CA, Inc. v. AFSCME Emples. Pension Plan

953 A.2d 227 (Del. 2008)

 

RULE:

By its terms Del. Code Ann. tit. 8, § 109(a) vests in the shareholders a power to adopt, amend or repeal bylaws that is legally sacrosanct, i.e., the power cannot be non-consensually eliminated or limited by anyone other than the legislature itself. But § 109(a) does not exist in a vacuum. It must be read together with Del. Code Ann. tit. 8, § 141(a). No such broad management power is statutorily allocated to the shareholders.

FACTS:

The bylaws in question directed the board to reimbursement proxy expenses. The current bylaws and certificate of incorporation did not address the issue, but the certificate tracked Del. Code Ann. tit. 8, § 141(a). Thus, the Delaware corporation sought a no-action letter from the United States Securities and Exchange Commission (SEC), under 17 C.F.R. § 240-14a-8, claiming that a bylaw proposed by appellee stockholder was not a proper subject for shareholder action. General counsel for the stockholder opined that the proposed bylaw was a proper subject. The SEC certified two questions pursuant to Del. Const. art. IV, § 11(8) and Del. Sup. Ct. R. 41, which sought a determination of whether the bylaw was a proper subject for stockholder action and whether any law would be violated if the bylaw were adopted.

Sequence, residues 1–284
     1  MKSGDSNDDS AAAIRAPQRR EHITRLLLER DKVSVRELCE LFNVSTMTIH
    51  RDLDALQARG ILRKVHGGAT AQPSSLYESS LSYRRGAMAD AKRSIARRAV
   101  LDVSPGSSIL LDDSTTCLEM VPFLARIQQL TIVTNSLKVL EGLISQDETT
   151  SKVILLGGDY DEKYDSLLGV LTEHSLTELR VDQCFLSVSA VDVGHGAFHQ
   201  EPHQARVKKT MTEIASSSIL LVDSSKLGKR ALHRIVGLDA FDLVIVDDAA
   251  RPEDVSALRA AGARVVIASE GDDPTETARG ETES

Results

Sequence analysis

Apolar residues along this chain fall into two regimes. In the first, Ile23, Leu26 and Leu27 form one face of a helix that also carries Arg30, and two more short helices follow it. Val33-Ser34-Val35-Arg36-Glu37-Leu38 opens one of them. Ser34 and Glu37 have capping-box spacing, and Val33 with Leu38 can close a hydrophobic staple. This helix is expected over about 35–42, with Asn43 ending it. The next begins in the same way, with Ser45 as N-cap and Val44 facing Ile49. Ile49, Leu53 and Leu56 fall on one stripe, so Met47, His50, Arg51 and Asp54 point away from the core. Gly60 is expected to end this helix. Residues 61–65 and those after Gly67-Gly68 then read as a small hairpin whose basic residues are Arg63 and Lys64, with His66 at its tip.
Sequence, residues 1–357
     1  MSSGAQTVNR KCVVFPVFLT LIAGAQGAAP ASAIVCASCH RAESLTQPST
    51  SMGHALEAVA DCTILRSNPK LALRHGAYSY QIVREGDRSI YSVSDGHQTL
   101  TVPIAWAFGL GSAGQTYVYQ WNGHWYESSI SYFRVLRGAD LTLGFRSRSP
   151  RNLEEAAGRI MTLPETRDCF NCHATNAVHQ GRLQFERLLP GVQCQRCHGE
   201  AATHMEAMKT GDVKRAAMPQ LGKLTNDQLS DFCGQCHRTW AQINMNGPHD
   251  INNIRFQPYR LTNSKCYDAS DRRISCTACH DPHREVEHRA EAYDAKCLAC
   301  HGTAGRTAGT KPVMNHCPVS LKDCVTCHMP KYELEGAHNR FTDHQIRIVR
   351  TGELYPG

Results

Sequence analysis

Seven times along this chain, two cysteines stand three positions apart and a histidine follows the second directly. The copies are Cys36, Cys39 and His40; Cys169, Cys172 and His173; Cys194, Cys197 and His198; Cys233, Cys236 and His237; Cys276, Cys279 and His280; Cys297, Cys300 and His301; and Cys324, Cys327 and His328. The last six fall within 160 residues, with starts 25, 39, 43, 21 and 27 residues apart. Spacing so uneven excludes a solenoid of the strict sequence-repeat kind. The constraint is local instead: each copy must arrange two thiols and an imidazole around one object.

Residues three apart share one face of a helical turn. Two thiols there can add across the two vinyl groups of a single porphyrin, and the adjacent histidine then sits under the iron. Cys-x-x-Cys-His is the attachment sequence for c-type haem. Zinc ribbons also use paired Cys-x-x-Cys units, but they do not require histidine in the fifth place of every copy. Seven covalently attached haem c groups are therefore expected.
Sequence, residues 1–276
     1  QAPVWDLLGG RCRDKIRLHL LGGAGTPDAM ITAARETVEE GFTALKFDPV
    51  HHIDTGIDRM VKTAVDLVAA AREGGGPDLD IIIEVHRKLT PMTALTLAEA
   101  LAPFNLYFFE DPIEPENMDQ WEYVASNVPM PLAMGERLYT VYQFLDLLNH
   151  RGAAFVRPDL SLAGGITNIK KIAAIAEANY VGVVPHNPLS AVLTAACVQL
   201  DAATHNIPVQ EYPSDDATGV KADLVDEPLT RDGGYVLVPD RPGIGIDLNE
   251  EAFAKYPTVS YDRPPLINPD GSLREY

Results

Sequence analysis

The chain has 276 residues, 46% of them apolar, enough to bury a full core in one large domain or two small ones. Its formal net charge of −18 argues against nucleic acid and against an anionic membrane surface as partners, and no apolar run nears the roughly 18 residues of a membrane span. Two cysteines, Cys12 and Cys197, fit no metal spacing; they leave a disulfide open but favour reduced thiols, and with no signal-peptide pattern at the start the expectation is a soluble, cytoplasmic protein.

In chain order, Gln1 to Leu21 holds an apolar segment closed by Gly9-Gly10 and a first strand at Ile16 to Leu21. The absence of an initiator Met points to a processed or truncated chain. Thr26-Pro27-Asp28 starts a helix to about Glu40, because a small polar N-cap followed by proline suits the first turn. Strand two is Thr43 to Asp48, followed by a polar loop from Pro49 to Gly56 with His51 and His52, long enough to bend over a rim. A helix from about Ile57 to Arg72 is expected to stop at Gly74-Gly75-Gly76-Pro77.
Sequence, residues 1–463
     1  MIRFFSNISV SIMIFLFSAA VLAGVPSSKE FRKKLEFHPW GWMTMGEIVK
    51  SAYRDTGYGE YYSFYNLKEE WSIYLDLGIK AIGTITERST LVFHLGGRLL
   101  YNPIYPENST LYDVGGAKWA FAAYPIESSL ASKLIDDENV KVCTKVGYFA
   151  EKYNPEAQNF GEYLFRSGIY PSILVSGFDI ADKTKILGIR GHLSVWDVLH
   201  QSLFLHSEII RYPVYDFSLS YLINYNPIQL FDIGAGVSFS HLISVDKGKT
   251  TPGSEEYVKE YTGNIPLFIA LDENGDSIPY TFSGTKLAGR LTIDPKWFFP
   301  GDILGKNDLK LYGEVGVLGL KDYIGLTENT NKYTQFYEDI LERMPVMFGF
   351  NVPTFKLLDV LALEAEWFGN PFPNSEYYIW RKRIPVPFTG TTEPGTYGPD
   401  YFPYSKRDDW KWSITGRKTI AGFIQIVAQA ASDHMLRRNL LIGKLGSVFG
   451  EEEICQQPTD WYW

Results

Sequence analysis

ISSUE:

Are the bylaws proposed by the stockholder a proper subject for shareholder action?

ANSWER:

Yes

CONCLUSION:

The Court found that both the board and the shareholders, independently and concurrently, had the power to adopt, amend and repeal the bylaws; and that shareholders' statutory power to adopt, amend or repeal bylaws was not coextensive with the board's concurrent power and was limited by the board's management prerogatives under § 141(a). The Court concluded that the bylaw fell within the scope of Del. Code Ann. tit. 8, § 109 and was a proper matter for stockholder action, but that the bylaw, as drafted, violated the prohibition derived from § 141(a) against contractual arrangements that committed a board to a course of action that would preclude them from fully discharging their fiduciary duties to the corporation and its shareholders.

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